Sunday, 7 August 2011
The other day, which happened to be my birthday, Greg and I got the Midi lift up and headed over to the Triangle du Tacul, to do ‘something on the Tacul’. Sometimes when you ask friends of what they’re going to climb or go for, they’ll tell you, ‘just something on the Tacul’. I always thought this was quite a funny thing to say as when you go into the mountains your ‘supposed’ to know what you’re going to do, what to expect and how to get off. Basically it’s like treating the place like a wee crag. I love it!
Thursday, 21 July 2011
|I ain't climbing up that again!|
The clouds finally lifted off the hills around Chamonix to reveal wet rock and fresh snow on the faces high up which scuppered plans of doing the Traverse of the Chamonix Aiguilles, the next big route that was on the agenda.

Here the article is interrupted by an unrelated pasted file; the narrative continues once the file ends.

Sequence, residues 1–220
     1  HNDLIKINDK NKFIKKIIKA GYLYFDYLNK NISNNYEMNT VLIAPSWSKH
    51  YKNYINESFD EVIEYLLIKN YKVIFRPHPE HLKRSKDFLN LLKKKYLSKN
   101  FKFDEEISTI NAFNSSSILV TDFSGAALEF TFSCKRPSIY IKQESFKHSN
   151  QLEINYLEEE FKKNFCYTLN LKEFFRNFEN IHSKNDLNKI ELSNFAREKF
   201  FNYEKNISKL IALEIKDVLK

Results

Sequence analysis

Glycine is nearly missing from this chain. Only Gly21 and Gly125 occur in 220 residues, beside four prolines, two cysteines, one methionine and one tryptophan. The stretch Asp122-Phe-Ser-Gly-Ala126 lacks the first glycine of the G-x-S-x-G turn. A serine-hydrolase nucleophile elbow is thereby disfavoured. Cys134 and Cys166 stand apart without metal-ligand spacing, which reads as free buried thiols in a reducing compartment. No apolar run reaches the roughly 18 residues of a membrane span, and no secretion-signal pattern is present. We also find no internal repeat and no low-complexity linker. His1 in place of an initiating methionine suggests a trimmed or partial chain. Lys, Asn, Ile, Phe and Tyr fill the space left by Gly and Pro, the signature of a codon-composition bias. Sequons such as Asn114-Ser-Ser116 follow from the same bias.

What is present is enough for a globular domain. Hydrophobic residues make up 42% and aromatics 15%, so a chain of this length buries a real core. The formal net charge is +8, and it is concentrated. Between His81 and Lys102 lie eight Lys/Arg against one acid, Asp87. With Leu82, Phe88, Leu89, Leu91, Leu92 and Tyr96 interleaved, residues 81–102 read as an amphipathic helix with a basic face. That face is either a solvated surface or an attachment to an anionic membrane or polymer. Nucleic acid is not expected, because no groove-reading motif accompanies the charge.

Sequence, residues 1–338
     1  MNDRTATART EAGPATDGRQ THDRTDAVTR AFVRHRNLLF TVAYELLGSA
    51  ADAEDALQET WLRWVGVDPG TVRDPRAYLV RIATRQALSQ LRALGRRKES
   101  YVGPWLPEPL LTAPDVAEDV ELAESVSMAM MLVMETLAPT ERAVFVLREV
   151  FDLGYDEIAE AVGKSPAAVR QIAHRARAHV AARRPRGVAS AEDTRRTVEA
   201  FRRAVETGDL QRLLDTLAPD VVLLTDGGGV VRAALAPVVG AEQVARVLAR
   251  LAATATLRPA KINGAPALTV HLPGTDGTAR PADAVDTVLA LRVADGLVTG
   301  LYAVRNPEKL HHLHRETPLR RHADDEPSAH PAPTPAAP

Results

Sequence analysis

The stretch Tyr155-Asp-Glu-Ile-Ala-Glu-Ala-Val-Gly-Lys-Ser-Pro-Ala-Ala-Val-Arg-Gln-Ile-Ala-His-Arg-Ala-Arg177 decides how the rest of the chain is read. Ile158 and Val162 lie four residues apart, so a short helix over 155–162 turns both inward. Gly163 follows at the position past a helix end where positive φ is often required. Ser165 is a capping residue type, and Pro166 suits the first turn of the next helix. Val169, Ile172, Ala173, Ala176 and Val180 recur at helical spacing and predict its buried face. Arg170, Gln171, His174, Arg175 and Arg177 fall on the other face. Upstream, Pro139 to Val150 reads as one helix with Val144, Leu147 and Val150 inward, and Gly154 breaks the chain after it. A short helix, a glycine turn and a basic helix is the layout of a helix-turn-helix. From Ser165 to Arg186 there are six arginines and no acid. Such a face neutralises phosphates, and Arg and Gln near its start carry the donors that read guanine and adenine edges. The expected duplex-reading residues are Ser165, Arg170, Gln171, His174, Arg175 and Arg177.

|Greg at the base of the Dru.|
Greg and I thought that a quick day hit on the south face of Aiguille du Midi for some easy access rock climbs would be a good plan, but as we arrived at the station for the lift to take us up we were welcomed with the mass of tourists queuing for their turn on the Midi. I love how as climbers we feel that we are superior than the crowds of multi nationalities, bumbling around always looking surprised and shocked at anything they see. Some of these tourists get a bit braver and will ask for a photo taken with you in your ‘climbing outfit’, but I feel I must warn you that once you let one of them have a photo then you get the whole tour
group asking, they come in a sort of
group asking, they come in a sort of